The same producers who produced Drive sent it to me, it took me a year to read. I was thinking it’s not my kind of thing and then when I read it I couldn’t put it down. That’s what happens with certain books and adaptations, there are certain books you read and when I was reading it I could almost imagine the film. And then when you write it, it takes many, many drafts to get back to that initial point of imagination where you can see it quite clearly. I’ve literally just written the first draft. I want to get the script completely right before I can think about how to direct it so right now I am in writer mode.
How many drafts do you do?
There are big drafts and little drafts. Probably 4 or 5 really significant drafts but within those there are little polishes. By the time you go into production you are changing all the time so those can go up to 20.
What is your advice on rewriting?
If you are going to rewrite, a fundamental rewrite, start at page 1 and go all the way through because you almost have to… and that doesn’t mean there won’t be 10 pages that work brilliantly and you skip through those but I think the idea of reliving the story through the writing process even on a second draft is really important. I think it’s harder to dip in and out. It’s really worth working the whole way through.
Have you any particular advice for writer’s block?
Leave it alone. Go back to it in a few days. A little bit of distance. Often watching a movie that is somehow related. Or just listening to music.
Endings are always the hardest. When they have test screenings invariably the one thing that comes up is the ending. That tends what to be reshot the most. When an ending doesn’t work then the film isn’t really working.
When I get notes from a director I don’t want it to be too specific. It’s a combination of having planned but leaving enough space for discovery because otherwise the writing’s not fun. If I know exactly how a scene is going to be played it’s just not alive. As a director I want to know vaguely the beginning, middle and end of a scene but then I want them to be able to inhabit that space and let the characters talk.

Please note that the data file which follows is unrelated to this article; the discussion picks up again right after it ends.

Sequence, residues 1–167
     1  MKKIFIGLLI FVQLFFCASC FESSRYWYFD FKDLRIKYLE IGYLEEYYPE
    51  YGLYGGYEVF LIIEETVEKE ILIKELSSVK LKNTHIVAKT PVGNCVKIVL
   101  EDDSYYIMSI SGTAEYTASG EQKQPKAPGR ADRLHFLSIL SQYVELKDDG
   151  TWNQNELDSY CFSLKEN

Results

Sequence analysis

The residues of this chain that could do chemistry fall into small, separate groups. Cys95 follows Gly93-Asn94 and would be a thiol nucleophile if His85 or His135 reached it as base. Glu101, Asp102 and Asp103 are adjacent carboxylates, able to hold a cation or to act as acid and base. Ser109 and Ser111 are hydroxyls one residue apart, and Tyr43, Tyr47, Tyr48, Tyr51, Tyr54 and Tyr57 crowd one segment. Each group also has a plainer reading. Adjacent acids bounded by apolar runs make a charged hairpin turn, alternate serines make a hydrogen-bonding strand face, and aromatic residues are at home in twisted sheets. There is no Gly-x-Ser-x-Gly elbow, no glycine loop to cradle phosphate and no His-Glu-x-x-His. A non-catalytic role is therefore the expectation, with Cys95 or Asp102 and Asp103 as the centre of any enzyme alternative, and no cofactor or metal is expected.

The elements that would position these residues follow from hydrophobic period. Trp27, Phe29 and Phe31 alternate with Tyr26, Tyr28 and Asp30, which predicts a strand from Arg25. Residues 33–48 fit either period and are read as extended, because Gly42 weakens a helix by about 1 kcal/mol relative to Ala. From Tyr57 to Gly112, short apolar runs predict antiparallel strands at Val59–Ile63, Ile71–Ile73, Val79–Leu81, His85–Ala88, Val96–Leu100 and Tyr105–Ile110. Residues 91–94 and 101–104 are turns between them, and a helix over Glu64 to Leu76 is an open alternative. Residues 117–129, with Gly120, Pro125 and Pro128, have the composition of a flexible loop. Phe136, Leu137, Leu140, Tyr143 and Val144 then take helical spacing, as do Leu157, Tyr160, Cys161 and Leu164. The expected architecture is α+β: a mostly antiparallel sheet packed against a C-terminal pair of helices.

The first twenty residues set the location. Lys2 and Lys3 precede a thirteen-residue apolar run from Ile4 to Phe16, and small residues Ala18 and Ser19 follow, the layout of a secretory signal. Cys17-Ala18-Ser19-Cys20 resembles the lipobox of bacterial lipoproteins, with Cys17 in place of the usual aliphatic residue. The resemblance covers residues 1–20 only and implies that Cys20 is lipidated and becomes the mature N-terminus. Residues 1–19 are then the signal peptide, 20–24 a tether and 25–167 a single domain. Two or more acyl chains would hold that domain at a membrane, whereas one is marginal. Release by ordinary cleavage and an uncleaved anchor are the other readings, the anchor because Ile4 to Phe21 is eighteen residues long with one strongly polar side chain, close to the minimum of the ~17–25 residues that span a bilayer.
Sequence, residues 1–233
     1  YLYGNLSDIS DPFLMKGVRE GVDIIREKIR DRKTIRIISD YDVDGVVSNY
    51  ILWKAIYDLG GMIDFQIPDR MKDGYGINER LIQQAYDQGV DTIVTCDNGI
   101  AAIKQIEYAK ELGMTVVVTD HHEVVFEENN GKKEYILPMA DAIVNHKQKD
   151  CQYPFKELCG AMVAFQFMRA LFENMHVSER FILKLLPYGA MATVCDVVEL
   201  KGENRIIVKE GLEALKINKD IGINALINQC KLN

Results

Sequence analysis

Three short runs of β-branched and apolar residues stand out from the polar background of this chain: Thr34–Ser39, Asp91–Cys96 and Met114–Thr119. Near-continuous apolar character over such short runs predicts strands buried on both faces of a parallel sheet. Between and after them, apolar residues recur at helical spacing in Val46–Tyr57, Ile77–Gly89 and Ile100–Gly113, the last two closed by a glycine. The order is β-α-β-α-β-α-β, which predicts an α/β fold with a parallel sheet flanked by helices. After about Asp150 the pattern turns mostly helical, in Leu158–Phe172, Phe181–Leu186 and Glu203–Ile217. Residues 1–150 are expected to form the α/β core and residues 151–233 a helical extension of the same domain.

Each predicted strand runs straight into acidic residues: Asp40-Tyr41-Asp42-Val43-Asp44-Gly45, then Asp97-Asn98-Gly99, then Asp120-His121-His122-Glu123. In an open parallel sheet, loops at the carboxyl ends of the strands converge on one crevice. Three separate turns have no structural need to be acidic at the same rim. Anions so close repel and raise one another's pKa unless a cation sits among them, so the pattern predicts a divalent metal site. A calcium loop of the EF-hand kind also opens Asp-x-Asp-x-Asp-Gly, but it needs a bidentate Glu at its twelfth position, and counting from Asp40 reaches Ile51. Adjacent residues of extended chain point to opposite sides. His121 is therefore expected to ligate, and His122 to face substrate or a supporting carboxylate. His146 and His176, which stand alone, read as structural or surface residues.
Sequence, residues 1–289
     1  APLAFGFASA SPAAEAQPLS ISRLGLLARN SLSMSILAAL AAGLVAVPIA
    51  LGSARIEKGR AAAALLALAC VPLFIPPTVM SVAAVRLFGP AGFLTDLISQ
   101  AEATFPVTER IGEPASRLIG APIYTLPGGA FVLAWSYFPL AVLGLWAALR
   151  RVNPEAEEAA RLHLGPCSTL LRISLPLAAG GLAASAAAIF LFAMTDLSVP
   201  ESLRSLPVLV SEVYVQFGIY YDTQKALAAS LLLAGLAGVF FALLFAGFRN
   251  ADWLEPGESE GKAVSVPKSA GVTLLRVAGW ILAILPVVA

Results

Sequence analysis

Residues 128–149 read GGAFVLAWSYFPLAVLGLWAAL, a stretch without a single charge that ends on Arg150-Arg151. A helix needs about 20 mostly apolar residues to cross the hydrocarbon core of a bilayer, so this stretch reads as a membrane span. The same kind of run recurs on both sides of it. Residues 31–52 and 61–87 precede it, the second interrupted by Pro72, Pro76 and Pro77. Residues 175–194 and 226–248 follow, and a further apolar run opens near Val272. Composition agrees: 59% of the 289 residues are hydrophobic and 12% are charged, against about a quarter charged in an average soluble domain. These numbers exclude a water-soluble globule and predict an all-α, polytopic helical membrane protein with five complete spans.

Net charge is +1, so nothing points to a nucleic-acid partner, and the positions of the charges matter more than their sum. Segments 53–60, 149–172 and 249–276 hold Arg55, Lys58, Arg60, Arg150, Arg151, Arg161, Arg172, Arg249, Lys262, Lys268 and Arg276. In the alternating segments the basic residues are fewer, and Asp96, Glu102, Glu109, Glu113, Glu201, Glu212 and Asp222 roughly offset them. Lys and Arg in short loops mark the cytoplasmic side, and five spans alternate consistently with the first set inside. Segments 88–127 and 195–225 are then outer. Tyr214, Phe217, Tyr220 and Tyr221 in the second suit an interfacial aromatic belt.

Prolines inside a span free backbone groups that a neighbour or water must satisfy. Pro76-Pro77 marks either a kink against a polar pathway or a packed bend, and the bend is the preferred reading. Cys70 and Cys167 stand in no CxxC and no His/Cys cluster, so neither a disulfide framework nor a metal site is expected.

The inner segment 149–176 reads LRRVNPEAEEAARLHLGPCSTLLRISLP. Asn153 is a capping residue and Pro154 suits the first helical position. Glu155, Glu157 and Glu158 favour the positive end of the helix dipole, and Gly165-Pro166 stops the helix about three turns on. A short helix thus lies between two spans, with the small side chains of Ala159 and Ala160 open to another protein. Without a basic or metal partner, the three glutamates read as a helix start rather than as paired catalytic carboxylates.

Routine is so important. I work less hours at the weekend but I do because I need to stay in that world and if I take a day off it takes me a little while to get back into the world of the script I’m writing so I need to do it on a roll. Even if it’s doing a couple hours on a Sunday to keep it ticking over. A first draft of a script probably takes me 8 weeks. A TV episode 3 or 4 weeks.
What’s the best way for a new screenwriter to get noticed?
I think writing samples are the most important thing, that’s the same whether getting an agent or a job for a TV show. And having worked in a couple of TV things and being semi-responsible for hiring writers it’s the samples. It doesn’t matter how good the interview is. People are going to judge the work. It’s one of those bits of the profession you can’t bullshit your way really, the writing speaks for itself so getting a really strong writing sample.
For someone who was hiring for a TV show all I was interested in was the quality of writing – the descriptions, the dialogue, the drama and the scenes, it was looking at craft.
What’s your advice in pitching to be the writer they choose?
Putting in the groundwork. Like on the TV series The Alienist, it was very competitive. It was a very popular book by Caleb Carr, it had been a huge bestseller so that I knew there were quite a few writers competing for it so pretty much when I went for my meeting I blocked out how I would do it and got my head around it.